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Courageous Class


Furious and Victorious*

Line drawing of Courageous
Drawing courtesy of Stu Slade, with revisions by me.

Displacement 23,000 tons
Armament 2 x 2 15"
Heavy and Light AA
Speed 31 knots
VTS Rating 2   1   6

These ships were the "answer" to the problem of bringing large-caliber guns through the Danish Narrows to support an invasion of Pomerania in WW I. Dubbed "large light cruisers" these ships sacrificed armor and structural strength for shallow draft, speed, and firepower. Once the concept of running the Narrows lost support, these gunships had little use in the Royal Navy and both were converted, in 1924, to light aircraft carriers and did yeoman service between the wars refining the doctrine of carrier collaboration with surface ships. Glorious was the only large carrier sunk by surface ships (a few small ones were lost off Samar in 1944 to Japanese gunships) in WW II. Courageous was sunk by U-boats early in the war, and Furious (originally armed with 2 x 1 18" guns instead of twin 15") survived the war.

(*Victorious, re-named Victoria, is an imaginary sister ship for "Grand Fleet")

In "Grand Fleet" the Courageous and Glorious are declared "surplus" (read "unfit for further duty") right after WW I and mothballed. When the Washington treaty came into effect, the two ships had their main turrets taken out, were otherwise de-militarized, and used as depot ships. When the great worldwide naval race heated up around 1936, The Royal Navy was looking for ways to build fast gunships to match the new surface raiders of the Kriegsmarine. Since the Treaty was annulled, plans had been made for a "new" Treaty-buster battleship using the two "light cruisers'" turrets (Vanguard project) but the turrets could be simply "dropped in" to the old hulls of "G" and "C" for TWO fast gunships right away. The pair was modernized slightly with some superstructure upgrade, new AA guns, and a "clipper" bow with a pronounced sheer for a drier forecastle in wet weather. The Royal Navy wanted to re-armor them, but strengthening the weak structural members took precedence. The result was a pair of fast, powerful ships whose armor couldn't stand up to cruiser guns but together could dish out battleship gunfire. These "light battlecruisers", as they were dubbed, were to be paired up at all times for mutual support.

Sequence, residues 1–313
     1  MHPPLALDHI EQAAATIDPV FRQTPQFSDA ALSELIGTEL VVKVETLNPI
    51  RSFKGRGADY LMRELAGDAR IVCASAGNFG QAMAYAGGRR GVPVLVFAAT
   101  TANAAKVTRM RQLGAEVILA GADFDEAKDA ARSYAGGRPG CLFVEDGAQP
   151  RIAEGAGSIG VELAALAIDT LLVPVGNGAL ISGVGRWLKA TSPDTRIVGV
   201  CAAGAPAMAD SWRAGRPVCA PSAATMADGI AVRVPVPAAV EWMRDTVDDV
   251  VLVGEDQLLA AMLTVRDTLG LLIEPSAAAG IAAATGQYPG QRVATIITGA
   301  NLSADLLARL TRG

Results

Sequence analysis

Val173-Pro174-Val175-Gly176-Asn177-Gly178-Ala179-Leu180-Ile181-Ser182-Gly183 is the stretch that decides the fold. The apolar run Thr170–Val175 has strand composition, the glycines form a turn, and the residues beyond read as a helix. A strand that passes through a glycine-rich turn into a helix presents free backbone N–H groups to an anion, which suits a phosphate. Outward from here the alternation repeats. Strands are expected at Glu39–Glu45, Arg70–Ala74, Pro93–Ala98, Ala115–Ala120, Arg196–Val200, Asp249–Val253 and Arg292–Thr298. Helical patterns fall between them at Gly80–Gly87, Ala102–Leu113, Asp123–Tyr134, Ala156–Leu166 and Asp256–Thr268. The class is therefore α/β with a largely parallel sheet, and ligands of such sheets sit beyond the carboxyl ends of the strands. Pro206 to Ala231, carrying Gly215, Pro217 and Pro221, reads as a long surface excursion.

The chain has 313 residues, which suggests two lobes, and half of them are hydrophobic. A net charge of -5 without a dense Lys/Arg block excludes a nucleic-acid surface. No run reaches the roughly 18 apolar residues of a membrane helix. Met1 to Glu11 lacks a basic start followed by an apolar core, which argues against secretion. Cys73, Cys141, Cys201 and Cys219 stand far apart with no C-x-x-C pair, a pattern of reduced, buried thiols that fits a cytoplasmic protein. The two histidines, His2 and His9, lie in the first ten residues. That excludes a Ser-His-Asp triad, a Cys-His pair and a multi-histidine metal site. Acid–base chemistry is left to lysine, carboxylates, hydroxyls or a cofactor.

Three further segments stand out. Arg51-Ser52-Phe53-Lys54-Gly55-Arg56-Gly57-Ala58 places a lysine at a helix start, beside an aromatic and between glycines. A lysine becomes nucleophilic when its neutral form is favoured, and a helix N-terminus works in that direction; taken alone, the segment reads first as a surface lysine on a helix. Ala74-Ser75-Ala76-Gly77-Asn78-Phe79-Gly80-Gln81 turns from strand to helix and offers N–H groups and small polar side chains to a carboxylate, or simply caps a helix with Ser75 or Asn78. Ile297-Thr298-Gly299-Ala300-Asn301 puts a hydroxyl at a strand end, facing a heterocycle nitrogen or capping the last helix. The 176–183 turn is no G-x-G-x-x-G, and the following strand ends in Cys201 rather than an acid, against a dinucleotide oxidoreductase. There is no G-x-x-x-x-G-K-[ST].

Sailing with the French aircraft carrier Duquense, they were hunting for German surface raiders in the Mid-Atlantic when an Italian cruiser/carrier force brazenly dashed out into the Atlantic past Gibraltar. Off the Azores, the two opposing carriers' small aircraft complement duelled to a standstill from attrition, and then it was time for the gunships to move in. The Italians converged on the G and C from two sides and although the larger British guns fired more slowly, they began the engagement from out of range of the Italians, and soon an Italian cruiser was hit and burning. As the distance closed, the two light battlecruisers began taking hits themselves. They managed to sink Gorizia and damage two others, but the British discreetly broke off the engagement under smoke lest the outnumbered, thin-skinned pair become crippled, succumb to the enemy cruisers, and provide a naval victory for their enemy. The British figured the Italian Atlantic foray could not be sustained, and indeed the Italians turned back into the Mediterranean, never to venture forth into the Atlantic again.

After this "stalemate" (lauded as a "victory" in the press, of course) the "overly endowed light cruisers" limped back to England. The Royal Navy was disappointed in the light battlecruisers' performance (though somewhat anticipated) and decided that the U-boat threat was more urgent, so re-built the damaged ships into aircraft carriers along the lines of a modernized Furious. Prominent in the anti-U-boat campaign, Courageous succumbed to the vengeance of a wolfpack, and Glorious was caught in a North Sea fogbank, planes "grounded", and surprised and sunk by the radar-directed 11" guns of the pocket battleship Admiral Scheer.

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